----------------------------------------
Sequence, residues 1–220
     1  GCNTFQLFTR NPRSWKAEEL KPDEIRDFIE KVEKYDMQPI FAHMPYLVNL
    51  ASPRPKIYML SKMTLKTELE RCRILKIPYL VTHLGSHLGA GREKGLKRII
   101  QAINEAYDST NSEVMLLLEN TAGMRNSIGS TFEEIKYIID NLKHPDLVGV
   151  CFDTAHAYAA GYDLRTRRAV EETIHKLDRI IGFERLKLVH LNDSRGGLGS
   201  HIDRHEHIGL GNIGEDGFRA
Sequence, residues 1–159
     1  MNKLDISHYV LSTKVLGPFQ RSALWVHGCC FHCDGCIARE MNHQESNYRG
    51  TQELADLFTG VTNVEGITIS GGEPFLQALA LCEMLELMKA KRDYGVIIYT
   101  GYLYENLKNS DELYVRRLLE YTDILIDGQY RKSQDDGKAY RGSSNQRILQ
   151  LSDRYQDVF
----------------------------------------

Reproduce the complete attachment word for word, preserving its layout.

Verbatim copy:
Sequence, residues 1–220
     1  GCNTFQLFTR NPRSWKAEEL KPDEIRDFIE KVEKYDMQPI FAHMPYLVNL
    51  ASPRPKIYML SKMTLKTELE RCRILKIPYL VTHLGSHLGA GREKGLKRII
   101  QAINEAYDST NSEVMLLLEN TAGMRNSIGS TFEEIKYIID NLKHPDLVGV
   151  CFDTAHAYAA GYDLRTRRAV EETIHKLDRI IGFERLKLVH LNDSRGGLGS
   201  HIDRHEHIGL GNIGEDGFRA
Sequence, residues 1–159
     1  MNKLDISHYV LSTKVLGPFQ RSALWVHGCC FHCDGCIARE MNHQESNYRG
    51  TQELADLFTG VTNVEGITIS GGEPFLQALA LCEMLELMKA KRDYGVIIYT
   101  GYLYENLKNS DELYVRRLLE YTDILIDGQY RKSQDDGKAY RGSSNQRILQ
   151  LSDRYQDVF